To recap: Lewiston City Councilor Denis Theriault says he’s dissatisfied with City Administrator Jim Bennett’s job performance and that he has secured the council votes to effect Bennett’s ouster. (A claim so far unproven.)
Meanwhile, on Tuesday, the city held a remedial “City Councilor 101” session to review, for everyone, the responsibilities of a city councilor. This came on the heels of Theriault’s recent unannounced visit to a weekly city staff meeting, to which Bennett objected. Lips were tight after the 3.5-hour session. There’s a chance the air was cleared. There’s a chance we’re just getting started. 
There’s obviously personality conflicts at work here. This is unsurprising; neither Bennett nor Theriault are shrinking violets. Yet in this battle of wills, there is a burden of proof. Is the city poorly managed? Theriault thinks so and says so. Why?
Theriault has said Bennett is dividing the council. Yet blaming the administrator for council’s lack of harmony seems somewhat convenient; this council has never been a merry bunch, after all. One could say divided is their natural state. So again, Theriault should buttress his claim of Bennett interference with some facts.
Otherwise, it could be he’s masking council failings by designating a scapegoat, as re-election nears.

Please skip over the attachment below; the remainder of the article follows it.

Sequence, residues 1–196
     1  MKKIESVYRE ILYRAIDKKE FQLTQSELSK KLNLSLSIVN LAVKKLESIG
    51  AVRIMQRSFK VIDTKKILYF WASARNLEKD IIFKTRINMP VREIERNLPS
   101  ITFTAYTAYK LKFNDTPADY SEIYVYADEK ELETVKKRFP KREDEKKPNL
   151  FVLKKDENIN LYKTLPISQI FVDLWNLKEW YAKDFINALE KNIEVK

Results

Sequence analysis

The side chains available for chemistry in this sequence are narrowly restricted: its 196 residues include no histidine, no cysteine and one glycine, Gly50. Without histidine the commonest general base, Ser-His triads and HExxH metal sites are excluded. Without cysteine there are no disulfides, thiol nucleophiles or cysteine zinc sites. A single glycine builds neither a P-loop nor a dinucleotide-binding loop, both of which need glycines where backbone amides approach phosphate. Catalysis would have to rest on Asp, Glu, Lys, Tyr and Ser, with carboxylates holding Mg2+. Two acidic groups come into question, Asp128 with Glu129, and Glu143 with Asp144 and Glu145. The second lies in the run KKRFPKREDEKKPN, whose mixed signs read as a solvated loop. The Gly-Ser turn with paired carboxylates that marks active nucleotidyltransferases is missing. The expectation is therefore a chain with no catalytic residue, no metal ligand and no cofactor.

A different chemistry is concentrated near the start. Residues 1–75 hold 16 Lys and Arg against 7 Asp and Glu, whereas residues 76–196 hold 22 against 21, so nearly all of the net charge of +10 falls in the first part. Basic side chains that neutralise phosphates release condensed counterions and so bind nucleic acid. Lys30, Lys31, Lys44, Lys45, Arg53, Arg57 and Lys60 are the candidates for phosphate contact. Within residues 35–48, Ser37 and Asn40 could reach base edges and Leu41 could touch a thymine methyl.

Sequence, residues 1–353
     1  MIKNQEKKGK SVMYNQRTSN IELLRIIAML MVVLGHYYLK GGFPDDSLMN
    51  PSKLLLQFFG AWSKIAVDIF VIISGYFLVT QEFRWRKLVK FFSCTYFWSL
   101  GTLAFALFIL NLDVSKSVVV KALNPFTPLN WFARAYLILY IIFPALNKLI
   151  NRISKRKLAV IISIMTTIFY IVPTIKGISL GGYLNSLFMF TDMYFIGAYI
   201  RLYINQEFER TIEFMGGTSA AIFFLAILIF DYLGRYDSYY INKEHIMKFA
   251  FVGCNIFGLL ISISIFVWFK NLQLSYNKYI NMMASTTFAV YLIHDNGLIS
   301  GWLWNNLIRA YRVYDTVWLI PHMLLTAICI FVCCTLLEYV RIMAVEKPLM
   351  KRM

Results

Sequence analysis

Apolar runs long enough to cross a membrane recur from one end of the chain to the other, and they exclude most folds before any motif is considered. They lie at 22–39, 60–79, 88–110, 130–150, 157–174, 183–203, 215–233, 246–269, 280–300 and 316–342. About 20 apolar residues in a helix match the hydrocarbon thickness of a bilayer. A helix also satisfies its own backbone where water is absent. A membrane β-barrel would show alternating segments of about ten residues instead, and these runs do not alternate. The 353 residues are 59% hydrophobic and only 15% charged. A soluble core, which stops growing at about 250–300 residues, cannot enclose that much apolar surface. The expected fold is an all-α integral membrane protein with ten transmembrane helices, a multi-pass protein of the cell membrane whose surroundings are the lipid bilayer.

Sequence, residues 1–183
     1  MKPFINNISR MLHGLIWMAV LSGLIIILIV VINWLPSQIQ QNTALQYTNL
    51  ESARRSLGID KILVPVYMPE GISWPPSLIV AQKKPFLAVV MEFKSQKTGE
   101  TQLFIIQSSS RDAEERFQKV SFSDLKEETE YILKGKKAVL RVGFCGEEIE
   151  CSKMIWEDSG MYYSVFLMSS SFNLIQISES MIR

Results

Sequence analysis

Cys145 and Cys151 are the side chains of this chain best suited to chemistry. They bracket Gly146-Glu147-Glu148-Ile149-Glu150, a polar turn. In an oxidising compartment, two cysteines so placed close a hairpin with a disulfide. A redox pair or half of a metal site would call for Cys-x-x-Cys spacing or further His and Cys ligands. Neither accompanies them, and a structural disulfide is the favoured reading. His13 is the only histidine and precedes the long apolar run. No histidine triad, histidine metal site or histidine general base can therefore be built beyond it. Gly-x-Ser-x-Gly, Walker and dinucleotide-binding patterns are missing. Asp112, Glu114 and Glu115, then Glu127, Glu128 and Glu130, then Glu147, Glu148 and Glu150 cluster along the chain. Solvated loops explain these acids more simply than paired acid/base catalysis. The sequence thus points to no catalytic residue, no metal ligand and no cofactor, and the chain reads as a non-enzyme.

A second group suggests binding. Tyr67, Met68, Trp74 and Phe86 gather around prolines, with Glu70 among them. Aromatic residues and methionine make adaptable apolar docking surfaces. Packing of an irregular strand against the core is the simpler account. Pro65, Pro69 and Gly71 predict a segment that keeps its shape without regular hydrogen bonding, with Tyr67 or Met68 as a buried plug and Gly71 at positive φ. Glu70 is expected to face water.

This city doesn’t have time for political witch hunts. There are bigger issues to tackle: omnipresent concerns about downtown development and blight, the infusion of stimulus funds for projects, a massive mill building to tear down, a budget to balance, etc.
And there will always be a segment of the Lewiston community that, regardless what Bennett does as administrator, is convinced he should go. This seems a lot drawn by city managers everywhere; the position is often thankless. Yet such narrow, one-sided perceptions of performance should not dictate their employment. Neither from the public, nor from one councilor.
Where has Bennett faulted? The city has aggressively pursued cost-saving efforts and has avoided the tight budgets and deep cuts necessitated in other cities during this economic downturn. It earned that All-American City designation. There have been missteps — Heritage Initiative, Casella — but this city administration has also shown it learns from its mistakes.
The Heritage was a catastrophe of public relations. In the strategic planning now taking place for Lewiston, the city — under Bennett’s stewardship — took great strides to ensure every opinion, from every neighborhood, was heard. Lesson heeded.
After the debacle of the Heritage — as effectively detailed in a recent documentary by the Visible Community, which emerged as a force in that debate — the city’s strategic planning was a refreshing change.
Now, we’re not privy to all the information a city councilor has. Nor is the public. Theriault is, though, and thinks the administrator is not doing his job. He could do his constituents — and the city — a service by sharing the factual foundation of his reasoning.
Or maybe, just maybe, it’s not the administrator that is the problem.

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